During the COVID-19 pandemic, the federal government increased funding for Medicare and Medicaid and took steps to ensure that beneficiaries could get health care safely.
For example, both programs changed provider enrollment requirements to help make more doctors available. They also waived some requirements to expand beneficiaries' access to telehealth services.
We testified that so far, these flexibilities have benefitted providers and beneficiaries. Potential risks of continuing these flexibilities after the pandemic include higher costs, fraud risks, and more. Considering the benefits and risks is key to determining the path forward.
What GAO Found
In response to the COVID-19 pandemic, the Centers for Medicare & Medicaid Services (CMS), the federal agency responsible for overseeing Medicare and Medicaid, made widespread use of program waivers and other flexibilities to expand beneficiary access to care. Some preliminary information is available on the effects of these waivers. Specifically:
Medicare. CMS issued over 200 waivers and cited some of their benefits in a January 2021 report. For example, CMS reported that:
- Expansion of hospital capacity. More than 100 new facilities were added through the waivers that permitted hospitals to provide care in non-hospital settings, including beneficiaries' homes.
- Workforce expansion. Waivers and other flexibilities that relaxed certain provider enrollment requirements and allowed certain nonphysicians, such as nurse practitioners, to provide additional services expanded the provider workforce.
- Telehealth waivers. Utilization of telehealth services—certain services that are normally provided in-person but can also be provided using audio and audio-video technology—increased sharply. For example, utilization increased from a weekly average of about 325,000 services in mid-March to peak at about 1.9 million in mid-April 2020.
Medicaid. CMS approved more than 600 waivers or other flexibilities aimed at addressing obstacles to beneficiary care, provider availability, and program enrollment. GAO has reported certain flexibilities such as telehealth as critical in reducing obstacles to care. Examples of other flexibilities included:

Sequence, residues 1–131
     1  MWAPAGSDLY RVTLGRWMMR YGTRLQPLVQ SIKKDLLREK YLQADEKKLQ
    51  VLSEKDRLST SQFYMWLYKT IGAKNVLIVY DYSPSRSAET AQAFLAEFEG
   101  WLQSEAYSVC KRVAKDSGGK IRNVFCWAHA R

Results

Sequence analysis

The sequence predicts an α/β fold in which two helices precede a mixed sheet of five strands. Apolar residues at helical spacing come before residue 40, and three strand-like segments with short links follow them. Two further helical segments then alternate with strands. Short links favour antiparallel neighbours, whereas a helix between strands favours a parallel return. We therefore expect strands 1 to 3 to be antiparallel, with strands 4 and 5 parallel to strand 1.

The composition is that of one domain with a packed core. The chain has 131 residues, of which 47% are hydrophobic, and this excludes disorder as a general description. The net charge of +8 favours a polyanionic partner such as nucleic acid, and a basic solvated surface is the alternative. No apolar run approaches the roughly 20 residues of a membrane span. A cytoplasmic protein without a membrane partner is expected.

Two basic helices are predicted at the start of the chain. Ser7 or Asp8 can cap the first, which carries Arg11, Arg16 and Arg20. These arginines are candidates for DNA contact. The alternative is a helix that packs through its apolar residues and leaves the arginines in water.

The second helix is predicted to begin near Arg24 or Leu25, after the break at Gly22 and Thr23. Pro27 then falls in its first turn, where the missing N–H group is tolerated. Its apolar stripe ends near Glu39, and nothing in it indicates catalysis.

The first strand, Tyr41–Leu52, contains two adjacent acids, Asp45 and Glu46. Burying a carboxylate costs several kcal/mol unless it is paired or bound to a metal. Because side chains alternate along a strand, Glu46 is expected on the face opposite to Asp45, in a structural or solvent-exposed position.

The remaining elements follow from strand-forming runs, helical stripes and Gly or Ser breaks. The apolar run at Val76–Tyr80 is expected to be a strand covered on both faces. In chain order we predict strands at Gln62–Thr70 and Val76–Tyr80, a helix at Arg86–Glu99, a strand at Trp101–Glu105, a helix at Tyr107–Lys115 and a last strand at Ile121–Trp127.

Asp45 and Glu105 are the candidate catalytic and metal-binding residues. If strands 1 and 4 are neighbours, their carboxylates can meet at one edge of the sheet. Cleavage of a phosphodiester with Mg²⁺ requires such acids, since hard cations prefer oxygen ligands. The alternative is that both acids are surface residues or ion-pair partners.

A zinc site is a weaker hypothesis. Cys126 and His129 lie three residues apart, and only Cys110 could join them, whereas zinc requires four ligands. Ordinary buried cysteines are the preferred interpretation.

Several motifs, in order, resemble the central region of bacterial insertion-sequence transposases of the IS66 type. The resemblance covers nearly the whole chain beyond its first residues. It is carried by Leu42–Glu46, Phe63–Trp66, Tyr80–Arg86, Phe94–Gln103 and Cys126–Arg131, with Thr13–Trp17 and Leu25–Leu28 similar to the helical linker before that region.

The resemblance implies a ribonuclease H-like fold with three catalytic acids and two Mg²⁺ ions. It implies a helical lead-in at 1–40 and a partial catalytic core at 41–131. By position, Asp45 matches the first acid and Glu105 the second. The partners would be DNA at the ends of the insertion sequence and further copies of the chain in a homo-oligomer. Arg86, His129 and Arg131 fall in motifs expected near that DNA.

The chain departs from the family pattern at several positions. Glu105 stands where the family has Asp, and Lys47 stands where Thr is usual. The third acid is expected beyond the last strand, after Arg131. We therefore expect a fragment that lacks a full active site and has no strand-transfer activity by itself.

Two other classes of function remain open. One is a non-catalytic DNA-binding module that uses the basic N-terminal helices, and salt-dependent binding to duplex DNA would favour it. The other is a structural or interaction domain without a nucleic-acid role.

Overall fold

- Forty-three states suspended fee-for-service prior authorizations, which help ensure compliance with coverage and payment rules before beneficiaries can obtain certain services.
- Fifty states and the District of Columbia waived certain provider screening and enrollment requirements, such as criminal background checks.
While likely benefitting beneficiaries and providers, these program flexibilities also increase certain risks to the Medicare and Medicaid programs and raise considerations for their continuation beyond the pandemic. For example:
- Increased spending. Telehealth waivers can increase spending in both programs, if telehealth services are furnished in addition to in-person services.
- Program integrity. The suspension of some program safeguards has increased the risks of fraud, waste, and abuse that GAO previously noted in its High-Risk report series.
- Beneficiary health and safety. Although telehealth has enabled the safe provision of services, the quality of telehealth services has not been fully analyzed.
Why GAO Did This Study
Medicare and Medicaid—two federally financed health insurance programs—spent over $1.5 trillion on health care services provided to about 140 million beneficiaries in 2020. Recognizing the critical role of these programs in providing health care services to millions of Americans, the federal government has provided for increased funding and program flexibilities, including waivers of certain federal requirements, in response to the COVID-19 pandemic.
The CARES Act includes a provision for GAO to conduct monitoring and oversight of the federal government's response to the COVID-19 pandemic. In response, GAO has issued a series of government-wide reports from June 2020 through March 2021. GAO is continuing to monitor and report on these services.
This testimony summarizes GAO's findings from these reports related to Medicare and Medicaid flexibilities during the COVID-19 pandemic, as well as preliminary observations from ongoing work related to telehealth waivers in both programs. Specifically, the statement focuses on what is known about the effects of these waivers and flexibilities on Medicare and Medicaid, and considerations regarding their ongoing use.
To conduct this work, GAO reviewed federal laws, CMS documents and guidance, and interviewed federal and state officials. GAO also interviewed six provider and beneficiary groups, selected based on their experience with telehealth services.
GAO obtained technical comments from CMS and incorporated them as appropriate.